Sign up for our free newsletter
Free D.C. news, delivered to your inbox daily.
in which the author discusses five books he’d read, if time permitted.
1. A Moment in the Sun, by John Sayles. I can’t figure out if this is a novel or non-fiction, but it’s a 1,000-page book about the late-20th century gold rush written by the dude who cast a teenage Will Oldham in Matewan, so get your reading glasses and man-up and let’s plow through this epic—-together.
2. Dream Life: An Experimental Memoir, by J. Allan Hobson. I think this is a book by a psychiatrist who goes on some extreme kind of journey of self-discovery by analyzing his own dreams—-not in a Freudian sense, but in some kind of Jack Kerouacish/Beat way i.e.: “By the time I was (biologically) 30 weeks old, I was able periodically to activate my still-tiny brain. I did so reliably and enduringly. I was floating in the amniotic fluid of my mothers’ uterus…” et cetera, et cetera. I guess this is a cool narrative device to discuss infant development, but coming from a Harvard psychiatry prof, emeritus, it’s pretty weird.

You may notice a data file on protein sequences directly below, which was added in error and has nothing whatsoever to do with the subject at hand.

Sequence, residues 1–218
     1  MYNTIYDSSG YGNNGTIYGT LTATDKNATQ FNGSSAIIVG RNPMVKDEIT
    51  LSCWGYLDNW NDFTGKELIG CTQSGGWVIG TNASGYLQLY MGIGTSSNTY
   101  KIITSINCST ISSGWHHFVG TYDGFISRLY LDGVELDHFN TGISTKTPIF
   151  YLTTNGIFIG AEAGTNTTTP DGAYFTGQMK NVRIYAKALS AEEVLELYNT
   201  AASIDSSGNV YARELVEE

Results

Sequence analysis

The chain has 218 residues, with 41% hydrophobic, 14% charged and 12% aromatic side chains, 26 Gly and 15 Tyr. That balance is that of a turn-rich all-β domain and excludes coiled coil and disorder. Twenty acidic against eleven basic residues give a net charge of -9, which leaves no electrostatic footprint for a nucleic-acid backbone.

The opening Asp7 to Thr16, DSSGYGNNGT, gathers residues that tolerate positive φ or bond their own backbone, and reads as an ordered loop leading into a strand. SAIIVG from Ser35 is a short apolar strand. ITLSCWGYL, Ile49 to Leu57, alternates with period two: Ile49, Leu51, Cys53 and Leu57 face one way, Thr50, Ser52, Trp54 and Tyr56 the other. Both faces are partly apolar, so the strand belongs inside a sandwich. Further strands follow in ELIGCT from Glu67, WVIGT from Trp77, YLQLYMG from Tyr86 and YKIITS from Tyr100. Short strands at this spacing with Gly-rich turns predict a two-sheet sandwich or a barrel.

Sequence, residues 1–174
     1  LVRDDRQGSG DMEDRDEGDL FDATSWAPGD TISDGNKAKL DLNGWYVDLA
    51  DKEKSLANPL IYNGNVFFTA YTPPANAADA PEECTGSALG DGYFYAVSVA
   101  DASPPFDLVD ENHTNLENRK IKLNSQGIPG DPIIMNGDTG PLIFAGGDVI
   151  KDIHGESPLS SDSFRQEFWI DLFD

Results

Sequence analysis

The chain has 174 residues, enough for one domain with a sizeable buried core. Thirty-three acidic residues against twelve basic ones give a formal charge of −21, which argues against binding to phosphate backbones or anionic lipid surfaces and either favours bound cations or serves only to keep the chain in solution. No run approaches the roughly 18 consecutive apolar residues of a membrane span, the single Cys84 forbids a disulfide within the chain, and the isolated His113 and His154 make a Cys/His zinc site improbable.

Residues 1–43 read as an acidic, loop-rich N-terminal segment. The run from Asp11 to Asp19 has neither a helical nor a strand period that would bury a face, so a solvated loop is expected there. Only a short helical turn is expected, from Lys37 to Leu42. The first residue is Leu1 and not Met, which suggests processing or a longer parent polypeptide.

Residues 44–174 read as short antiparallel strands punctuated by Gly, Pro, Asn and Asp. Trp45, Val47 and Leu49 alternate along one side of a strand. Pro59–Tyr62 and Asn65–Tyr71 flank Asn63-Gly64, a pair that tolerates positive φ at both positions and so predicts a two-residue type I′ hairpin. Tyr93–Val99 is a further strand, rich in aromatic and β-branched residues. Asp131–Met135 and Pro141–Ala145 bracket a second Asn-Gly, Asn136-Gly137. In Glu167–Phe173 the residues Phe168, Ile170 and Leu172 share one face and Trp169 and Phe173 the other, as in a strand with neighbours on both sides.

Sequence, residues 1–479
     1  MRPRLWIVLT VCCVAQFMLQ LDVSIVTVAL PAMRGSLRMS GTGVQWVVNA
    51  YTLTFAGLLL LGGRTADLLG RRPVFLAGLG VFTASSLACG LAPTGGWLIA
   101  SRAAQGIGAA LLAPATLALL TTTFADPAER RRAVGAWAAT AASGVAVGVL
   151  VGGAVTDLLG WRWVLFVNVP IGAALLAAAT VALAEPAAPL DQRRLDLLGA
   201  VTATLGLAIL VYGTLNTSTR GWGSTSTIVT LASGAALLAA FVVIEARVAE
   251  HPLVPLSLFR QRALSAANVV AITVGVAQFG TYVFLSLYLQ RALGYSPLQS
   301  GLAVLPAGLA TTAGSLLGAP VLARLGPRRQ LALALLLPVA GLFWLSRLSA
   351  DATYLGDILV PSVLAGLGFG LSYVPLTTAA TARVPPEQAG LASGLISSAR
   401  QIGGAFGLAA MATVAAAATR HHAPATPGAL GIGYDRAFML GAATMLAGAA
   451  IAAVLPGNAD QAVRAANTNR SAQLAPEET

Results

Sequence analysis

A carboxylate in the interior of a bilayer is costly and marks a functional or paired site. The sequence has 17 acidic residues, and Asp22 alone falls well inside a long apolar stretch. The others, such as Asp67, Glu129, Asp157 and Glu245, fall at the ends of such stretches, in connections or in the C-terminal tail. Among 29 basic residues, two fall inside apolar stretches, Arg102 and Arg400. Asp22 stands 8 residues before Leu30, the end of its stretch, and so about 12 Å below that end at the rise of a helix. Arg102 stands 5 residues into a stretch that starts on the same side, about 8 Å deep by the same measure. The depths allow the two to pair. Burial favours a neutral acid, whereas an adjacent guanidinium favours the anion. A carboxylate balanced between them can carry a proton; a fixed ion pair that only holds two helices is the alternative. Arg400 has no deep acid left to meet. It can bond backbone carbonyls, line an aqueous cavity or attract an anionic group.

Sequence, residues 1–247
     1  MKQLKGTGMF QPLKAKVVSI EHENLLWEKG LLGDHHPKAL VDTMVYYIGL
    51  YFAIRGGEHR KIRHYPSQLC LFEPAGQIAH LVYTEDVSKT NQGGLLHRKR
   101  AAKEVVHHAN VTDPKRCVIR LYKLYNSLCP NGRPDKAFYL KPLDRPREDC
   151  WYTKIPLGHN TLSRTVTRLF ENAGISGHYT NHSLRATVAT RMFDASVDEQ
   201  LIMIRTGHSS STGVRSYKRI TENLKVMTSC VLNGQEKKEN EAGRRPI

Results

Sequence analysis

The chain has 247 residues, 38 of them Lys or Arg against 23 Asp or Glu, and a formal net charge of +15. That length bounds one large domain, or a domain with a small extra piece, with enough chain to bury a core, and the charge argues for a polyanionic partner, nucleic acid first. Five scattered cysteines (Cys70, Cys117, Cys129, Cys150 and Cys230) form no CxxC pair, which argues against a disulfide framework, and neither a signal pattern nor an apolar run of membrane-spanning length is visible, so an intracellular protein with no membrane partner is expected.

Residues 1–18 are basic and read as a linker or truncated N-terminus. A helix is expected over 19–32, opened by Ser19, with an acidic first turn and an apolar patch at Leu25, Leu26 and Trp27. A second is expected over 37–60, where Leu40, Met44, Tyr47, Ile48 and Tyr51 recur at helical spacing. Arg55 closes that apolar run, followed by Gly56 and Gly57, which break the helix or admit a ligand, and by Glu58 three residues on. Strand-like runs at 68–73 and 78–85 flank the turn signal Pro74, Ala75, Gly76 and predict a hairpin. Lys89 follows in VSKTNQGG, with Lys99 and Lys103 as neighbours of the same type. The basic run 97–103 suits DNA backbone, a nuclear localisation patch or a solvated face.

3. A Little-Known Story about a Movement, a Magazine, and the Computer’s Arrival in Art: New Tendencies and Bit International, 1961–1973, by Margit Rosen. ISO: a gigantic art book featuring high-quality reproductions of dot-matrixes and essays including words like “superposition” and “kinetic.” Must smell really good.
4. Horoscopes for the Dead: Poems, by Billy Collins. Poetry—-like spinach, not something that we necessarily like, but something that we feel must be good for us.
5. D.V., by Diana Vreeland. You know you’ve strayed too far from playing punk rock when you come across a new edition of a former Vogue editor’s 1984 memoir edited by George Plimpton in the mailroom and you’re like, “Yes!”